The benefits of using an engine-driven welder generator
When it is tough to bring the workpiece to a source of power, it is often necessary to bring the power source to the workpiece. By combining the capability of a welding power source with the functionality of a portable generator, the engine-driven welder generator often becomes one of the most versatile pieces of equipment on the jobsite.
Engine-driven welder generator rentals power all sorts of job sites. The “mobile welding rig”—a work truck outfitted with an “engine drive” welder— is a common sight alongside the spans of onshore pipelines, heavy equipment in need of repair, or structural and bridge construction sites. Of course, equipment trailers are a popular accessory for those who need to free up bed space.
A vast array of equipment power plants and feature sets ensure that both the home hobbyist and professional welding outfit can access the power and processes they need in the field. A home hobbyist unit may start out having a gasoline engine providing a 4.5 kW single-phase maximum output while some of the largest dual-operator units are diesel-powered and offer maximum three-phase outputs of approximately 25 kW.
Output is an important consideration when a lot of jobsite equipment must be powered. Lights, grinders and similar power tools, air compressors, hydraulic power units, and plasma cutters are common accessories powered by the auxiliary outlets of an engine-driven welding power source. Dedicated portable generators (powering standalone power sources) should be considered if the demand for power is especially high. Larger power sources (both engine driven and standalone) are capable of welding at higher deposition rates using larger diameter electrodes, which often helps tackle thicker materials and in less time.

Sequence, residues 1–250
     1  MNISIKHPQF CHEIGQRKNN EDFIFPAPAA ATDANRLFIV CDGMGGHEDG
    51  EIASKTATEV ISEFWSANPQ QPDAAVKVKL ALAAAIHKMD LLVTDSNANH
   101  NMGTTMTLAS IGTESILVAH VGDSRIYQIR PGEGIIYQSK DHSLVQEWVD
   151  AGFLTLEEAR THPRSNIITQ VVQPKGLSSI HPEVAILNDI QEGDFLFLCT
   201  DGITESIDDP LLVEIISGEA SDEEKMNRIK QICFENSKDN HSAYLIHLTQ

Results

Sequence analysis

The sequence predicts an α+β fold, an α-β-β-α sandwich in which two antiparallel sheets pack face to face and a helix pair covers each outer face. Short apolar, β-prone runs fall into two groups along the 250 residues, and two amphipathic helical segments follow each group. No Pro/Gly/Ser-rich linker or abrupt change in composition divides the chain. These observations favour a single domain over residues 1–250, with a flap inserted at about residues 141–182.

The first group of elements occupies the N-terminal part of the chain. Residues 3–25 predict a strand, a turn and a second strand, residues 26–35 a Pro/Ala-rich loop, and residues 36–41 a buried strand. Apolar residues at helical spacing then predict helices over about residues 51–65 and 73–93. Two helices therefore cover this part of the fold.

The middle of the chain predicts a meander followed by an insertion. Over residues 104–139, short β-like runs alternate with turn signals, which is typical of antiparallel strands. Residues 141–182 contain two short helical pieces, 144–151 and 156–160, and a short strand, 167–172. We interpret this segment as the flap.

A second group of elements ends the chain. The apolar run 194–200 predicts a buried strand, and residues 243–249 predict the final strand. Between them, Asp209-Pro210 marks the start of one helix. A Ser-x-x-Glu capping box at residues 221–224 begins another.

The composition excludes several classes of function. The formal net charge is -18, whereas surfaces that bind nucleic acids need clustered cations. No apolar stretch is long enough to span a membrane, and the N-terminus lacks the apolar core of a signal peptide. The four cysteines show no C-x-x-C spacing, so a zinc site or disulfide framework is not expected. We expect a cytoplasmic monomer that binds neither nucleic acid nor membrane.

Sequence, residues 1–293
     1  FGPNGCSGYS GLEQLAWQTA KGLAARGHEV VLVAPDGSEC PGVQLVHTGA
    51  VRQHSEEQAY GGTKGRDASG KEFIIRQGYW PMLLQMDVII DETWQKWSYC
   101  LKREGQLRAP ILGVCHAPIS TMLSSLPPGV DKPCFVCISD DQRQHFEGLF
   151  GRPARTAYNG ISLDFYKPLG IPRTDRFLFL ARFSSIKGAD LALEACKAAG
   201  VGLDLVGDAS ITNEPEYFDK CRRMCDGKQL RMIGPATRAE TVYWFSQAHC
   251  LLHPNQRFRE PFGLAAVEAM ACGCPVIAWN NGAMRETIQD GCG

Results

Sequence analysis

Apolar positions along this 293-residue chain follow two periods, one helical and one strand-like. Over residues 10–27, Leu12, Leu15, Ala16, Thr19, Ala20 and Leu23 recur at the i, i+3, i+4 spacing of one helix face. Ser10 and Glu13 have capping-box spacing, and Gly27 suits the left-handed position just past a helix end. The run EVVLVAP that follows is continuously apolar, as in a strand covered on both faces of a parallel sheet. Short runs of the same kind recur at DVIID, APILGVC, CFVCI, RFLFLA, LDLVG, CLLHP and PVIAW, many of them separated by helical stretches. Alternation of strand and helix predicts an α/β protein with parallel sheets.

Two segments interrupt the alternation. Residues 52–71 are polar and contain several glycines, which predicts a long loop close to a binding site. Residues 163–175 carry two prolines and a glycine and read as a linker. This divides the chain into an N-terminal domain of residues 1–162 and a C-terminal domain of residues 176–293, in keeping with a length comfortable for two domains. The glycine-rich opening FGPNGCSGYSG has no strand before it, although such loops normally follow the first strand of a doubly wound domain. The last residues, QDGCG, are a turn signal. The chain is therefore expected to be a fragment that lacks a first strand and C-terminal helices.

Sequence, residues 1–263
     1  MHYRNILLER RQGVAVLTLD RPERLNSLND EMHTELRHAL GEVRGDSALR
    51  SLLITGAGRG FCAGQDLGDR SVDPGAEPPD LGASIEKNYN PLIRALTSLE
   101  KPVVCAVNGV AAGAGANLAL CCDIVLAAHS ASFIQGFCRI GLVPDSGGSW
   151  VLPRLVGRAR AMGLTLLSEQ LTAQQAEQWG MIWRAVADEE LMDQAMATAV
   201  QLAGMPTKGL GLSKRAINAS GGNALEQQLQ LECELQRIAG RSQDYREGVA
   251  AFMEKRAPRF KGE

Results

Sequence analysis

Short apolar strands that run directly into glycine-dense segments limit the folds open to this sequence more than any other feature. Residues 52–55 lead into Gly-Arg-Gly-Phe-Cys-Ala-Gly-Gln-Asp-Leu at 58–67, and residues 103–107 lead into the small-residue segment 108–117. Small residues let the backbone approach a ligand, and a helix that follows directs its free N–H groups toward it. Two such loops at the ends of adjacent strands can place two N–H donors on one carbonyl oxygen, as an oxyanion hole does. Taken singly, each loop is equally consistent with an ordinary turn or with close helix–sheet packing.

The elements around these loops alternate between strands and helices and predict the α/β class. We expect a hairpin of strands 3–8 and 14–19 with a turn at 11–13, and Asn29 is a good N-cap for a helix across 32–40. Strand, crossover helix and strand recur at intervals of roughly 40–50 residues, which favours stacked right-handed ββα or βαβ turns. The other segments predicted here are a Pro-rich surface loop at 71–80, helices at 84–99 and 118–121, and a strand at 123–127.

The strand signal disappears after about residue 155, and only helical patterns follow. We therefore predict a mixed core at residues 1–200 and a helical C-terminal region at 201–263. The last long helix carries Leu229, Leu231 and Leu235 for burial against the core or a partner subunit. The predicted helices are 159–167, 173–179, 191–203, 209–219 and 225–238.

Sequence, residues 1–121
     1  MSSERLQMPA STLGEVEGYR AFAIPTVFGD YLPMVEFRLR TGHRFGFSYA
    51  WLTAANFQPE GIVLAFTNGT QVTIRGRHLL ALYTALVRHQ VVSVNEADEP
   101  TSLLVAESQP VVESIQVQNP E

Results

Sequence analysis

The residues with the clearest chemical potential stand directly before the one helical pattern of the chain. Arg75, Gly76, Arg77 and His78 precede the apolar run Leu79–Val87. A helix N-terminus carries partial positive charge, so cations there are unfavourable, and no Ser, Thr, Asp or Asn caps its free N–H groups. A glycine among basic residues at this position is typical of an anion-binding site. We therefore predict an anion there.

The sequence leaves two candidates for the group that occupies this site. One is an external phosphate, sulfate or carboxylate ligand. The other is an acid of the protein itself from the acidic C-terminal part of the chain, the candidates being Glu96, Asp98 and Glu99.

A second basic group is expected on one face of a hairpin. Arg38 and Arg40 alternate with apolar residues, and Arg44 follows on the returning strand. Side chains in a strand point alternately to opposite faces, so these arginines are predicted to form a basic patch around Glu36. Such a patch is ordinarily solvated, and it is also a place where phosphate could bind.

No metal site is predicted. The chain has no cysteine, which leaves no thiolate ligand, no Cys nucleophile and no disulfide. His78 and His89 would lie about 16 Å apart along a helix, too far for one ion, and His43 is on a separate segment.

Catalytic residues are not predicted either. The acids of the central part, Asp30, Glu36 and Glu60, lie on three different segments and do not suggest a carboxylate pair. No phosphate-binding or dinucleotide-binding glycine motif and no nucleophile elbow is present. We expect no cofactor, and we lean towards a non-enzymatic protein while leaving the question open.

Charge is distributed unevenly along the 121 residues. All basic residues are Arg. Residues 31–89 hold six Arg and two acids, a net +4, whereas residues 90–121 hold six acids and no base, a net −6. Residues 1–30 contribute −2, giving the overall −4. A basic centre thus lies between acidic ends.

Welder generators can perform a wide range of common arc welding and allied processes with the right accessories. Even the simplest power sources can perform stick welding (SMAW): supply an electrode holder, welding leads, and filler metal. However, with an investment into a shielding gas cylinder, flow meter, and an air-cooled torch with a manually-activated gas valve, many engine-driven power sources are capable of performing DC TIG (GTAW) welding.
Carbon arc gouging is used to remove defect base and weld metal during equipment repair. Like SMAW and GTAW, carbon arc gouging requires a constant current output, but gouging also requires the use of a specialized electrode and electrode holder that interfaces with a source of compressed air, typically supplied via an electric air compressor. Welders that expect to perform carbon arc gouging or plasma arc cutting/gouging frequently, may be interested in engine-driven power sources with onboard air compressors. These power sources have the ability to integrate one additional piece of equipment into a smaller footprint.
Welding Using Wire